The LSE European Politics and Policy Blog has published an abridged version of my article 'A Green Island Sinking in a Sea of Red'.
In comparison to the rest of Europe, Poland has experienced stand-out economic performance since the beginning of the economic crisis in 2008. However, Gavin Rae warns that this performance is largely based on the Polish government’s ability to leverage funding from the EU. With a declining EU budget that now focuses on innovation over infrastructure, as well as increased budgetary pressures, Poland may now face the real possibility of recession.
Although the global economic crisis severely affected Central-Eastern Europe, Poland is the only EU member state not to have undergone a recession in recent years. Poland’s GDP rose on average by 3.5 per cent between 2008 and 2012, down from 5.5 per cent in the years after joining the EU. Now, declining investment in infrastructure from the EU may mean such growth rates will be a thing of the past.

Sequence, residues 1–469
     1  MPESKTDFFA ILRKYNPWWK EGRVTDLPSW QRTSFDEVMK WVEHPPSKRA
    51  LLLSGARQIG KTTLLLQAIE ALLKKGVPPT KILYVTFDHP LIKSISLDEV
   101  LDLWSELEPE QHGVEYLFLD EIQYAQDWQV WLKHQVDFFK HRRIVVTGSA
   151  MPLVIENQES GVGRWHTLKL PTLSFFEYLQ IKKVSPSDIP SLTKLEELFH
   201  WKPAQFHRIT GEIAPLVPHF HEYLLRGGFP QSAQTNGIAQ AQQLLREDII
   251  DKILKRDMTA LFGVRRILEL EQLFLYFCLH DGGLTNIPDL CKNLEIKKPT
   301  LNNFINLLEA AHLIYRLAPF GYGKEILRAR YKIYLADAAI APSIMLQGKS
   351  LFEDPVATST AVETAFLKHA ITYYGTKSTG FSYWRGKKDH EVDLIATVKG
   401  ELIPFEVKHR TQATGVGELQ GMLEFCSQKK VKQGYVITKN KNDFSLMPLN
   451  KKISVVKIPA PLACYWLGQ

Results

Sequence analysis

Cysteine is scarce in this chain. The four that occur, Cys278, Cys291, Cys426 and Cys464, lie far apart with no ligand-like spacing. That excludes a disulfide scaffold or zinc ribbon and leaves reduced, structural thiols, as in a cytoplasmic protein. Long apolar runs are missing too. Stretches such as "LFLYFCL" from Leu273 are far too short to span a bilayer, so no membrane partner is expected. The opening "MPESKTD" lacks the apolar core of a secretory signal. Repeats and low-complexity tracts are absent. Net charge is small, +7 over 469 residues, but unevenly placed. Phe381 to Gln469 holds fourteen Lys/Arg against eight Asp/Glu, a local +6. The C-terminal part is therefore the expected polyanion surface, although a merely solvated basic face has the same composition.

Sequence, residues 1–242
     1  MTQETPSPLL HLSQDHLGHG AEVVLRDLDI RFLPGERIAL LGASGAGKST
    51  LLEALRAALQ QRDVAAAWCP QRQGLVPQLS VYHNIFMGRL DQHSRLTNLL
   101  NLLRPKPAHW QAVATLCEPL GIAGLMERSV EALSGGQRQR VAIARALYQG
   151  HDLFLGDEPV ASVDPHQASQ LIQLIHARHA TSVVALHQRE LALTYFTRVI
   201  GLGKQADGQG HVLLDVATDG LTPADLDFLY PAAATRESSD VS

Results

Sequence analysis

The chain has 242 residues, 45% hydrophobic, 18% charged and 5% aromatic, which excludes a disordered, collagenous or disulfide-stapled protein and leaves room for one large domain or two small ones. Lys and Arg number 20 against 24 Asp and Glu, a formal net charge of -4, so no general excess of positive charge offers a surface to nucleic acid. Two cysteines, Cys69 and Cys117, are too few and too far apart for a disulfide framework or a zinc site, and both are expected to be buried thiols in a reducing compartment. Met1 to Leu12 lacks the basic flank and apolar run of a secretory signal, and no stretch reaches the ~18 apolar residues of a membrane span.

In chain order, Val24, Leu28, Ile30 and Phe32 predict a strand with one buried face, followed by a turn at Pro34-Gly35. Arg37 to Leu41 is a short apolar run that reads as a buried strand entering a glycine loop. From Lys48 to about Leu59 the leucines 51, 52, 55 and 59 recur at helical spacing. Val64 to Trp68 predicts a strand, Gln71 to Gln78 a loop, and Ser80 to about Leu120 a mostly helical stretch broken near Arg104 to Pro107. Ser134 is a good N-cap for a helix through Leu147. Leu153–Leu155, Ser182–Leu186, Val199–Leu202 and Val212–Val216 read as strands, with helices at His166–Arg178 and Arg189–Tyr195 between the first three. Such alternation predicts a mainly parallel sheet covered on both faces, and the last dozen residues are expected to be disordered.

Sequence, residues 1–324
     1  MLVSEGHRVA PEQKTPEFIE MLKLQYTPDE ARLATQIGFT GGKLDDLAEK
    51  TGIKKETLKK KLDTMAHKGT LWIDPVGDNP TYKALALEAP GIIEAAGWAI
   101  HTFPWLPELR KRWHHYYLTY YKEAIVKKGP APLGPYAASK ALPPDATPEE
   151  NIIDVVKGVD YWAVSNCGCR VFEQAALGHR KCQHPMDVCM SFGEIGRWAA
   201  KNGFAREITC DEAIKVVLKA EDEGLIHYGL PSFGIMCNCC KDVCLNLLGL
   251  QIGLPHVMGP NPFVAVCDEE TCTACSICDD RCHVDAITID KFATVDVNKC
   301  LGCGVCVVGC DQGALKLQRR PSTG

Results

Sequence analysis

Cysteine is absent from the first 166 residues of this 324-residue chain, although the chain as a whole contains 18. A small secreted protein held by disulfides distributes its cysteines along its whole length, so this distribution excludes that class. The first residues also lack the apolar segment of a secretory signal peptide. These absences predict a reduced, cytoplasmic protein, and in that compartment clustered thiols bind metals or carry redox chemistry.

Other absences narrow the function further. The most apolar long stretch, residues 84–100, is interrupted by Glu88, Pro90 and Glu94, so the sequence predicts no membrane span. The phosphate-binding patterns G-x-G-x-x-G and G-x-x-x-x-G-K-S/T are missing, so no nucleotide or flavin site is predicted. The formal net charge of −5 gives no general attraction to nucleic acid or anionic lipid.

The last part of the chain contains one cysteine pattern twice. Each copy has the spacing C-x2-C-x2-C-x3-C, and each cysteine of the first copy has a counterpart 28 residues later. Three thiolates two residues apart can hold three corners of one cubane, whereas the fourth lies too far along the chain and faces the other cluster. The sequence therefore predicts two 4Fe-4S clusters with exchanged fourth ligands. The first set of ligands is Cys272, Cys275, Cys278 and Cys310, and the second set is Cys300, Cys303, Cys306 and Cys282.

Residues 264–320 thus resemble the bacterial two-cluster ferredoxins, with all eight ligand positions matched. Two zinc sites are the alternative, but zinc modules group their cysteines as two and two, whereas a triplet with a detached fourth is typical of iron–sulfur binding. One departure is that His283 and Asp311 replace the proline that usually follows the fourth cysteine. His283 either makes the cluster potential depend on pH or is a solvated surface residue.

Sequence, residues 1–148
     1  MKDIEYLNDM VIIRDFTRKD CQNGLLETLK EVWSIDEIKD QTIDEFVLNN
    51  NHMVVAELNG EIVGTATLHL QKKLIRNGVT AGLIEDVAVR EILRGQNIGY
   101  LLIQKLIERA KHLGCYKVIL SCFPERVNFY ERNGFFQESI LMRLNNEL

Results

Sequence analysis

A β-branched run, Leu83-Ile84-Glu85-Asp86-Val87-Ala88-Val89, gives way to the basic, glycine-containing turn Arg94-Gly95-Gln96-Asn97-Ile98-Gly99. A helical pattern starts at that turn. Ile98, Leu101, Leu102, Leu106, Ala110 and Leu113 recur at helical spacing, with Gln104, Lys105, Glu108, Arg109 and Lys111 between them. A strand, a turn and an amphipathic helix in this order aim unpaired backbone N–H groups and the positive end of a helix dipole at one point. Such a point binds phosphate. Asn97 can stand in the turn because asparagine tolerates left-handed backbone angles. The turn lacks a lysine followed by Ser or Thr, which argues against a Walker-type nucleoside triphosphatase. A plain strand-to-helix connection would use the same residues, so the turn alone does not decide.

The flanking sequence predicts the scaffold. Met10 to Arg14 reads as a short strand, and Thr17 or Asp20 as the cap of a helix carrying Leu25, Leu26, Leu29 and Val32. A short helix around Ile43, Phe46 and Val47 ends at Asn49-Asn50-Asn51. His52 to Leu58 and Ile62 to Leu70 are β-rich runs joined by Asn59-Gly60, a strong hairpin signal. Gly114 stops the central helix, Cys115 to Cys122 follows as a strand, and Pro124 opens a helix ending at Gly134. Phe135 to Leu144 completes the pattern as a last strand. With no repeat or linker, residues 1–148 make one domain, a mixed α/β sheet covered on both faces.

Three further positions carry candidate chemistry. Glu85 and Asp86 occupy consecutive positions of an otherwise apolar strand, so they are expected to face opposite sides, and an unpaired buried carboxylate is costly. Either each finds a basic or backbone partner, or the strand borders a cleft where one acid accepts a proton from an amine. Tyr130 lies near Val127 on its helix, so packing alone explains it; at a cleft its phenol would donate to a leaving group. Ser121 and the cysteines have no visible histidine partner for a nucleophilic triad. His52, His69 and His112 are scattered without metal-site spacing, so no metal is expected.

Poland was able to avoid an economic recession due to a unique combination of internal and external factors. Firstly, the country suffered no significant collapse in its banking and financial sectors. Personal debt in Poland remained low and the banking sector relatively well regulated. Secondly, Poland was not as dependent on the inflow of private credit and capital as some other small economies in the region, nor so heavily reliant upon exports. Thirdly, Poland had not joined or tied its currency to the euro and therefore could retain some competitiveness through devaluation. Finally, throughout the crisis, the Polish government continued to increase spending, particularly by raising public investment through utilising the money gained from an inflow of EU structural and cohesion funds.